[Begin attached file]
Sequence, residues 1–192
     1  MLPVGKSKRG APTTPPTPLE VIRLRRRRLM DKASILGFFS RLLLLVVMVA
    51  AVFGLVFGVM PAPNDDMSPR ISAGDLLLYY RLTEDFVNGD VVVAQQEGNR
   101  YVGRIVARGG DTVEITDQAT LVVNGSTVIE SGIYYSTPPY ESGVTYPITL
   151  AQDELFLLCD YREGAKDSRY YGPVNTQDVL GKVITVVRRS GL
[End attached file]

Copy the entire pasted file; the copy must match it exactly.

Sequence, residues 1–192
     1  MLPVGKSKRG APTTPPTPLE VIRLRRRRLM DKASILGFFS RLLLLVVMVA
    51  AVFGLVFGVM PAPNDDMSPR ISAGDLLLYY RLTEDFVNGD VVVAQQEGNR
   101  YVGRIVARGG DTVEITDQAT LVVNGSTVIE SGIYYSTPPY ESGVTYPITL
   151  AQDELFLLCD YREGAKDSRY YGPVNTQDVL GKVITVVRRS GL